Secret feedlots? No

Red Wing Republican Eagle

Feedlots, including those in Goodhue County, generate their share of controversy. And we sympathize with those farmers who have been the subject of harassment — maybe even lawsuits — by animal rights activists.

But that is not ammunition enough to ask the state of Minnesota to keep information about feedlots secret.

The suggestion was passed in a formula resolution last month by the Nicollet County Board in southern Minnesota. Commissioners voted after an animal-rights group was accused of trespassing and taking photographs of dead hogs on a county farm. Compassionate Action for Animals members acknowledged conducting “animal rescues” in the past.

Board Chairman Jody Hanson, speaking on behalf of keeping feedlot data private, said, “We think we deserve obscurity because we’re part of the economic engine that’s very important to the state and is vulnerable if our location is known to the wrong people.”

We appreciate Hanson’s concern, but her proposed resolution to the nuisance visitors is a clear overreaction.

The activists cannot be ignored. Indeed, they are entitled to have their complaints investigated if authorities believe their feedlots are not adhering to state law.

At the same time, activists should not overstep their legal bounds. Individuals ought to be prosecuted if they violate that law, but the incident that occurred on the farm near St. Peter does not warrant a sweeping secrecy measure.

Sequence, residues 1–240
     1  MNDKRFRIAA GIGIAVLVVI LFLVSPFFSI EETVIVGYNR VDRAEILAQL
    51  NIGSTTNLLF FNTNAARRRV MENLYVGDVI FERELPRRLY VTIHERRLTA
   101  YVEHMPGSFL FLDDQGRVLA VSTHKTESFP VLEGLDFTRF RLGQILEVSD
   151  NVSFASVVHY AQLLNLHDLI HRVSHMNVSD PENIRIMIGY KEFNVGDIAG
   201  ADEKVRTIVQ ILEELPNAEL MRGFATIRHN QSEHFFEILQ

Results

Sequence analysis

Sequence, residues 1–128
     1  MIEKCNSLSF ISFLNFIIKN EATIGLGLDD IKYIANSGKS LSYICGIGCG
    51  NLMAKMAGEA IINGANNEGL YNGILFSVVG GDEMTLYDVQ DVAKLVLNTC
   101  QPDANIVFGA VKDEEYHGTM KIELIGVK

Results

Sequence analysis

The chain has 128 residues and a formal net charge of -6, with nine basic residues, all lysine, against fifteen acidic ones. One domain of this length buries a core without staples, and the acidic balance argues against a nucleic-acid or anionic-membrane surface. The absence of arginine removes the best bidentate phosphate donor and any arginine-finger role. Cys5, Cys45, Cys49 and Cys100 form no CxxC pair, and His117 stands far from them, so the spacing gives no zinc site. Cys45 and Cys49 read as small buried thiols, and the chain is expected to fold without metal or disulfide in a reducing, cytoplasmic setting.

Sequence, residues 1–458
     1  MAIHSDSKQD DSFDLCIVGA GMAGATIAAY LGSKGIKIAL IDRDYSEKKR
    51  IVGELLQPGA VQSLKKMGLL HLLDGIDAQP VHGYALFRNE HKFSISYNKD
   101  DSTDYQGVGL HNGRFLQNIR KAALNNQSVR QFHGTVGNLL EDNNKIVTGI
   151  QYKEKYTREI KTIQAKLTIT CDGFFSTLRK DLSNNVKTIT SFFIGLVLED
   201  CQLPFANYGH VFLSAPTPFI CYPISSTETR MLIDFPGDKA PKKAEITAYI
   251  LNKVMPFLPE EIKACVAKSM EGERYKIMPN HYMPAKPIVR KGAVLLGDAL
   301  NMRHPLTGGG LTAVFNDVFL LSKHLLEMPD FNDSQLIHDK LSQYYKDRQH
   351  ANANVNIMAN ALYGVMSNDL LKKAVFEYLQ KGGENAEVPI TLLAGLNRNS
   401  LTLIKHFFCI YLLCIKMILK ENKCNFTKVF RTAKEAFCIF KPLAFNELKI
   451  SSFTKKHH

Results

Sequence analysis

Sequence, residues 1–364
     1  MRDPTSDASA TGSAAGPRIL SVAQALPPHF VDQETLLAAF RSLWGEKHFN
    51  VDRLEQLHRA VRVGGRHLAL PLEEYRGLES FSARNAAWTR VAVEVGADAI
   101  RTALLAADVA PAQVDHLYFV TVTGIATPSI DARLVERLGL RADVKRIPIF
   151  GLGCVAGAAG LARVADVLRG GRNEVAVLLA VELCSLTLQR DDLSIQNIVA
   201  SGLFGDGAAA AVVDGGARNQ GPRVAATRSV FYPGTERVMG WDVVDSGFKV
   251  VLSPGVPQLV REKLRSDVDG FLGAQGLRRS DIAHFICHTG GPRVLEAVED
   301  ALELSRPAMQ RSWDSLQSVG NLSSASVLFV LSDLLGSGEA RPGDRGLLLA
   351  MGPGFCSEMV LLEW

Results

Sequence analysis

From a practical perspective, feedlots are not hidden or camouflaged. Anyone driving through the countryside can spot them. Those individuals determined enough to draw attention to feedlots can do so without looking them up in state records.

The bigger public concern is what controversial items would be next in line for suppression of information if feedlot data is kept hidden. Gravel pits, power lines, sewage treatment ponds — the proposals for siting such things generate enough controversy, let alone the actual operations.

Hanson says feedlots deserve the extra precaution because they are vital to the economy and their operations are vulnerable if known to the wrong people. If Hanson feels that strongly about feedlots, then why don’t we also keep secret the location of Prairie Island and the nation’s hundred or so other nuclear power plants? The foolishness of such a suggestion is apparent.

Hiding the identity and location of feedlots won’t change the minds of people who oppose these operations. But it would send a distressing signal that we should keep hush on anything that might create the least bit of controversy. The debate over animal agriculture — or any other issue for that matter — is better served by having more, rather than less, information.